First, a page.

In some ways, mediation is like traditional counseling, in which the counselor would help the patient determine what the buried belief or experience is that is causing their current problem, such as childhood trauma causing adult anxiety. Once the root problem is determined, it’s much easier to address and move forward from the current issue. Similarly, in mediation or conflict resolution counseling, the meditator will help each party look past this single decision and into the root of why they are unable to come to an agreement. While that root problem may or may not be resolved in mediation, it can at least be brought to the surface, which can help each side understand the other more fully.

Once each side has been heard, examined any obstacles to conflict resolution, and considered how they can compromise with the other party, the mediator will assist in drawing up a document outlining the agreements being made.

It’s important to note that mediation is voluntary and does not preclude other options if it is unsuccessful. However, at Thriveworks Peachtree City, our experience has been that mediation can be very successful if both parties are willing to give it their full effort. Though it can be a tough process, knowing you have some control over the outcome can be a relief, particularly when compared against other options, such as court.

Aside from the stress of court, our judicial system is unfortunately overburdened. Mediation can actually lead to an outcome that is not only satisfactory, but also more expedient.

Consider Mediation and Conflict Resolution If:

  • Parties want to be actively engaged, considered, and in control of solutions and outcomes
  • Parties do not agree on liability or facts
  • Parties believe that an impasse has been reached with their personal attempts to negotiate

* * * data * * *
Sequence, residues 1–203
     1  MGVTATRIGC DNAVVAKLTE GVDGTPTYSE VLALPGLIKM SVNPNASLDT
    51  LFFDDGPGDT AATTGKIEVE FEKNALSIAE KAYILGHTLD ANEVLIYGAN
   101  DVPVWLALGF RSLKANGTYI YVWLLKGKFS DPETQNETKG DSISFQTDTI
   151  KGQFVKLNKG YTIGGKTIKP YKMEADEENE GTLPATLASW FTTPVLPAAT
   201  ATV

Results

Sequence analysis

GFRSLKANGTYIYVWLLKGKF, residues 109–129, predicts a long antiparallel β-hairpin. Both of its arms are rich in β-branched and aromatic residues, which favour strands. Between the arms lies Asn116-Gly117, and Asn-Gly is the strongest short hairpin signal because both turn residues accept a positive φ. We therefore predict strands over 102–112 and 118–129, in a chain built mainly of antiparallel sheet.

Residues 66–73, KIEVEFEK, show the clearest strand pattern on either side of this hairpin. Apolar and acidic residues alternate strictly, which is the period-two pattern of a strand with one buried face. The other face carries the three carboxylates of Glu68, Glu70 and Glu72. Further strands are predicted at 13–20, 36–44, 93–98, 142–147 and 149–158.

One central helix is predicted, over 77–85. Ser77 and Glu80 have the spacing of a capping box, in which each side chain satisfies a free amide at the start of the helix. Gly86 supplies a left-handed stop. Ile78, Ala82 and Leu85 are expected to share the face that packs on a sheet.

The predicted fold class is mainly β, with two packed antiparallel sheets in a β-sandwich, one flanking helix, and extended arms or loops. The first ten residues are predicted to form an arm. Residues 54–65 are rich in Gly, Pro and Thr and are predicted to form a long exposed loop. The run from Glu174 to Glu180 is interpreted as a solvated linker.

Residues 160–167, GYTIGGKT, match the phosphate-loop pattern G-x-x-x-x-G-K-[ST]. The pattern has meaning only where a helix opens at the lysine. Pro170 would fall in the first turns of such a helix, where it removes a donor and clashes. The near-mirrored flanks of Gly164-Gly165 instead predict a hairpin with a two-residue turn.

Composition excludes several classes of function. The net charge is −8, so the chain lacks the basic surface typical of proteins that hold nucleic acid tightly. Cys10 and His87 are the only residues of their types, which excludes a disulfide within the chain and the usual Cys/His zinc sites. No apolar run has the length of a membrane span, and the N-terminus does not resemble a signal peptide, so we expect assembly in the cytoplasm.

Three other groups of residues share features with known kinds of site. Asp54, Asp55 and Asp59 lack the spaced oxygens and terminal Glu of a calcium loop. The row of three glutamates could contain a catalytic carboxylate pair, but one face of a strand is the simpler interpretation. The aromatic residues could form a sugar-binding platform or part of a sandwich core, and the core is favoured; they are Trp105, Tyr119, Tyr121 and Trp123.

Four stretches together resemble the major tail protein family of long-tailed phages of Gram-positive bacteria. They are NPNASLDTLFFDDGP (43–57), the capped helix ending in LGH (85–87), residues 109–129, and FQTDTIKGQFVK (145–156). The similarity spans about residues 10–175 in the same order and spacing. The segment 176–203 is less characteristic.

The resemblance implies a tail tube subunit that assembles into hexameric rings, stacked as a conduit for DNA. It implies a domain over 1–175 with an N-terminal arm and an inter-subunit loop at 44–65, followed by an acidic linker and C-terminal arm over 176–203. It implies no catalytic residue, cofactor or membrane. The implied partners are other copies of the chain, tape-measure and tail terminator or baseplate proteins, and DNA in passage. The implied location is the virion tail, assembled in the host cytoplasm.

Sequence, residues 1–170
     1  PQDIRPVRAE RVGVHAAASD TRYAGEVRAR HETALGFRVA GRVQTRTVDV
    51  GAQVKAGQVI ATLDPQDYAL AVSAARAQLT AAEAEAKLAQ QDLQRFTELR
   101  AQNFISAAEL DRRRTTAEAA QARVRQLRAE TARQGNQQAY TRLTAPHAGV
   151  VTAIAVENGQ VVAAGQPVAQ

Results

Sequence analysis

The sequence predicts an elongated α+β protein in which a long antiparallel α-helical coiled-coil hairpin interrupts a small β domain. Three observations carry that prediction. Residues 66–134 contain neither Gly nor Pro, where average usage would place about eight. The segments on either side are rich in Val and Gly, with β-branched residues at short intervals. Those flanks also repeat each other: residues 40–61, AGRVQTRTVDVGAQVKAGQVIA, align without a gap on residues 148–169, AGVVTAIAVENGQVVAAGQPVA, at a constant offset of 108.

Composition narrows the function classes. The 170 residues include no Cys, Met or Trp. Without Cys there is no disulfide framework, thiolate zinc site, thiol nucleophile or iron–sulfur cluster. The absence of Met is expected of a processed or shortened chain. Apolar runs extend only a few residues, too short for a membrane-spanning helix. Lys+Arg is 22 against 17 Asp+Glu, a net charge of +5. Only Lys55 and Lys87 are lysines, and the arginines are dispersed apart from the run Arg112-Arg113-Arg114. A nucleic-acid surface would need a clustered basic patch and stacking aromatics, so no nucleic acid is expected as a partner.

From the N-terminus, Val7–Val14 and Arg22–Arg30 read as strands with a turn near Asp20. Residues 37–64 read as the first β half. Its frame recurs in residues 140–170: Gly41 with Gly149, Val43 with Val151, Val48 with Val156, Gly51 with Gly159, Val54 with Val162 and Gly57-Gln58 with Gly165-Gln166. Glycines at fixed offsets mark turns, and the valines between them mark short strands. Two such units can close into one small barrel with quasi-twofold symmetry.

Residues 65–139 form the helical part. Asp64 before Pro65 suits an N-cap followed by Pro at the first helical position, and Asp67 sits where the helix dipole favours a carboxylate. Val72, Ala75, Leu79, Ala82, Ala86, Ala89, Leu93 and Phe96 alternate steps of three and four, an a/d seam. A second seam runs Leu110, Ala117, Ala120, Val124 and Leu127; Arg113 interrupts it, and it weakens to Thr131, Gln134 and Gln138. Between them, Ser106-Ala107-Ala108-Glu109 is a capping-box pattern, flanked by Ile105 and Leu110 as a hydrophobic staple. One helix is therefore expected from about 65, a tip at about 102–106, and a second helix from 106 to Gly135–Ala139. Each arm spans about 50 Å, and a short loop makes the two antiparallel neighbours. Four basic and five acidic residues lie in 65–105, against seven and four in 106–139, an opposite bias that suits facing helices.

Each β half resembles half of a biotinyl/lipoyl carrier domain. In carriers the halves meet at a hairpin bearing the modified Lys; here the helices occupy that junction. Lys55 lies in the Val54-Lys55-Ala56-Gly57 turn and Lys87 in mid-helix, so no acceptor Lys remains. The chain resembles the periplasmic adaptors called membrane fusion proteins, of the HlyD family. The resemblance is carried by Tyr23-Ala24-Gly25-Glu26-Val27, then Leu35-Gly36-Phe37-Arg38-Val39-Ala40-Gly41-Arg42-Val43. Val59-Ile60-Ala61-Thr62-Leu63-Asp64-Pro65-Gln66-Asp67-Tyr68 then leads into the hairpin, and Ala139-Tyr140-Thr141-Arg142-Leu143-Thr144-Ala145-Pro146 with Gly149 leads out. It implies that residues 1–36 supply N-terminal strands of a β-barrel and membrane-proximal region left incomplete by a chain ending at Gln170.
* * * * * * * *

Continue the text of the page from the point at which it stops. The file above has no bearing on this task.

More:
• Parties want to avoid the mental and physical stress and time associated with court
  • There is a communication breakdown or refusal by at least one party to negotiate
  • Parties want to try and avoid the financial burden and expense of litigation
  • Parties understand that the mediation process is completely voluntary, confidential, and only binding if an agreement is reached

Thriveworks Peachtree City Mediation and Conflict Resolution

If you are experiencing a situation, be it small or large, that seems like a fit for mediation and conflict resolution, give Thriveworks Peachtree City a call. We don’t have a waiting list, and we can usually schedule new clients within 24 hours. Mediation can be a win/win situation for all parties, including a taxed judicial system. By taking control of your situation with mediation, your concerns will be heard equally and you’ll maintain control over the outcome. Perhaps more importantly, you’ll learn skills for better managing conflict in the future, reducing stress that would otherwise keep you from focusing on a successful future.

Conflict is difficult. We can help.

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  • 277 GA-74, #306
    Peachtree City , GA 30269